That revision of A Christmas Story was created by a now-defunct web site called "Lifeinthe80s," but they're just one of several groups re-editing favorite family movies into horror film trailers. (See also: Scary Mary.) Someone else had already imagined a movie trailer for the Yule Log DVD. But A Christmas Story, with its 94 minutes of pent-up frustration, cried out for something scarier...
Speaking of dangerous obsessions, the movie itself inspired a 30-year-old in San Diego to sell 7,500 replicas of the movie's famous leg-shaped lamp-with-a-fishnet-stocking. He used the money to buy the Cleveland house where the movie was filmed - then paid an additional $240,000 to re-model it exactly, watching the movie frame by frame.
Maybe he's a ticking timebomb too, just one snowball away from exploding into Christmas mayhem.
"Ralphie's packin' a Red Ryder. The holidays will never by the same."
3. Rudolph the Red-Nosed Reindeer — the unrated version
Burl Ives is probably glad he's dead. Someone with time on their hands re-worked the original 42-year-old Claymation story into something entirely different. Like the Rankin-Bass original, it opens when a kindly talking snowman discovers you haven't heard about the year Christmas almost wasn't.
"Well, sit your ass down," he says brusquely, and starts describing how children of the world suddenly lost their interest in toys. ("What the fuck?" Santa asks in a newspaper headline.) Santa leaves the North Pole to spy on the children, and discovers that it's because they're...masturbating.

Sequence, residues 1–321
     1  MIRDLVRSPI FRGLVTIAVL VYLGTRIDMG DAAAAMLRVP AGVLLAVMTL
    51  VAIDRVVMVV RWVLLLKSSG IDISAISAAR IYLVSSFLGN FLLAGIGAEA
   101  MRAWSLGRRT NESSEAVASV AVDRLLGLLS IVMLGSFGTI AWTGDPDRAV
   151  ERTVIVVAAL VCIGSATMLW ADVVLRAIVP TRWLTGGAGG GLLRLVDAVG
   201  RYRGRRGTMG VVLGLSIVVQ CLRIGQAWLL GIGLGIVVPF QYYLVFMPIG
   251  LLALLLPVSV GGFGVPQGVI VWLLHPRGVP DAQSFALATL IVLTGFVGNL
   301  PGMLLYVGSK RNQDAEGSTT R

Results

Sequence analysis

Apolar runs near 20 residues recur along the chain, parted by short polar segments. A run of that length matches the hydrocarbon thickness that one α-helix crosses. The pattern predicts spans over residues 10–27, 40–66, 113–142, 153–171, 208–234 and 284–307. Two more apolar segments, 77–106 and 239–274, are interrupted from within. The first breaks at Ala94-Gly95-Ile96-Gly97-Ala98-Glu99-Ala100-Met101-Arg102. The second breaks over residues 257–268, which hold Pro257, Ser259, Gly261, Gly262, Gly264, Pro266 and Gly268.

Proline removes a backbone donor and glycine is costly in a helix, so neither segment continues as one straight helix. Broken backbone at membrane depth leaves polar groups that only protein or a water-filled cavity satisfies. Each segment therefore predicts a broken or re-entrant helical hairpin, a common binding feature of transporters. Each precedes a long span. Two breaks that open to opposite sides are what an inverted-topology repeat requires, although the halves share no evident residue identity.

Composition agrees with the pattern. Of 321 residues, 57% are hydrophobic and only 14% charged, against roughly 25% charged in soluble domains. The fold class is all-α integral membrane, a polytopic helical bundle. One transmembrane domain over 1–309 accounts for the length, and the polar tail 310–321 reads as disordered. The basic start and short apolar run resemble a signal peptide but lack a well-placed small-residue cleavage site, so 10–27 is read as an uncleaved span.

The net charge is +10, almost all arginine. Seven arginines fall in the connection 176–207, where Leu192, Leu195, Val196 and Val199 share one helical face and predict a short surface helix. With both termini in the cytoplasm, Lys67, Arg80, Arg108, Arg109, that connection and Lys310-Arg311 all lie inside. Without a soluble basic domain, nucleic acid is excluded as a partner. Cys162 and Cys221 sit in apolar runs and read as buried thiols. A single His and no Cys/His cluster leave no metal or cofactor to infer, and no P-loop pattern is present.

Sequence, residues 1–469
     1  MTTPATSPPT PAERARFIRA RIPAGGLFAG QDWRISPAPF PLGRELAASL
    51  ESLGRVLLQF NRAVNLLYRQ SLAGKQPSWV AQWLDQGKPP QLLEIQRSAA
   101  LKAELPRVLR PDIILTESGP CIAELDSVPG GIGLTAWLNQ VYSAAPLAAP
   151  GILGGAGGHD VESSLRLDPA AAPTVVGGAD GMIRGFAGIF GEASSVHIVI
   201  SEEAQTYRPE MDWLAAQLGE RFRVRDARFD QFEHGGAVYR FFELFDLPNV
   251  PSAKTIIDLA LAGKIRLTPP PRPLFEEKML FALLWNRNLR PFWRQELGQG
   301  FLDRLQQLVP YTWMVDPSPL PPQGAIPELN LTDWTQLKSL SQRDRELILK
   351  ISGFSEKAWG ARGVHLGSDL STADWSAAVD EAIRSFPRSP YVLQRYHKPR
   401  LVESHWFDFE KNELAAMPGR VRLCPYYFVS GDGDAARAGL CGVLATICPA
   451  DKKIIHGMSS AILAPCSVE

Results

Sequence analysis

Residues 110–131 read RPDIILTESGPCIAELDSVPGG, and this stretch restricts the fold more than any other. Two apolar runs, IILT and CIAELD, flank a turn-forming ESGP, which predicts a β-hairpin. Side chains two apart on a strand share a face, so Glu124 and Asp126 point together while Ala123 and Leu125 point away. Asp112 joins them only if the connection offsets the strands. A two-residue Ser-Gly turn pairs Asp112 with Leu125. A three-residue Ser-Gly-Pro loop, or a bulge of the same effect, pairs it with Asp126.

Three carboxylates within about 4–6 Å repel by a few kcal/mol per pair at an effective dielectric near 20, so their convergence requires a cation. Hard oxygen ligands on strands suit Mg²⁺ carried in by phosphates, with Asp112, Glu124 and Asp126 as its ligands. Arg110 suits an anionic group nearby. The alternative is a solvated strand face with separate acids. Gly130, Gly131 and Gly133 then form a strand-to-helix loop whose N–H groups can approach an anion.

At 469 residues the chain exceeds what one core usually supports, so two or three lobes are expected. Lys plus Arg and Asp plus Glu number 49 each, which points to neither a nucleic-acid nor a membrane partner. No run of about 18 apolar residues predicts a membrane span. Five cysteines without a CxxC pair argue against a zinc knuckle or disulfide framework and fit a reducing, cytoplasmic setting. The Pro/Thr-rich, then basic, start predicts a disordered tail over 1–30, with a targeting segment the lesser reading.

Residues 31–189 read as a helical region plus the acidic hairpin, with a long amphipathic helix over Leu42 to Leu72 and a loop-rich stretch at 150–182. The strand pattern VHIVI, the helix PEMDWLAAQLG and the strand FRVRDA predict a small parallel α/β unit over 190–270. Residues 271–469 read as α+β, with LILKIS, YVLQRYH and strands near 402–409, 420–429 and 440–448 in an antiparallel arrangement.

Santa realizes they've discovered "the one toy better than any Santa can make" — and Christmas is canceled. But the frustrated re-dubbing artists at Liebography cling to their premise for nearly 10 minutes, filling the North pole with an unrelenting snowstorm of dirty dialogue. Santa develops an unwholesome interest in "a cute little deformed buck named Rudolph" who flees Santa's attentions with "another of Santa's special pole polishers" to — what else? — the Island of Misfit Sex Toys. ("How would you like to be a pocket vagina made out of abrasive sandpaper..." "I'm a homophobic strap-on!") Of course it ends with a very merry Christmas, but probably not the one you're expecting.
"C'mon Rudolph!" shouts jolly old Santa. "Let's go get some of those retarded dildos! Moms and dads love them too!"
4. Frosty the raging anarchist
Frosty the Snowman has always been one of the creepiest TV Christmas specials. Three children are stalked by their grade school's hired entertainer, and seek sanctuary with a deep-voiced simpleton who really likes children. A lot. Eventually he dies.
One re-dubber simply stripped out the implausible plot points in between, then also stripped out the innocent dialogue. And then replaced it with death metal.
"I want your soul," the cartoon snowman tells the children.
"I'll eat your soul." They look up in wide-eyed wonder...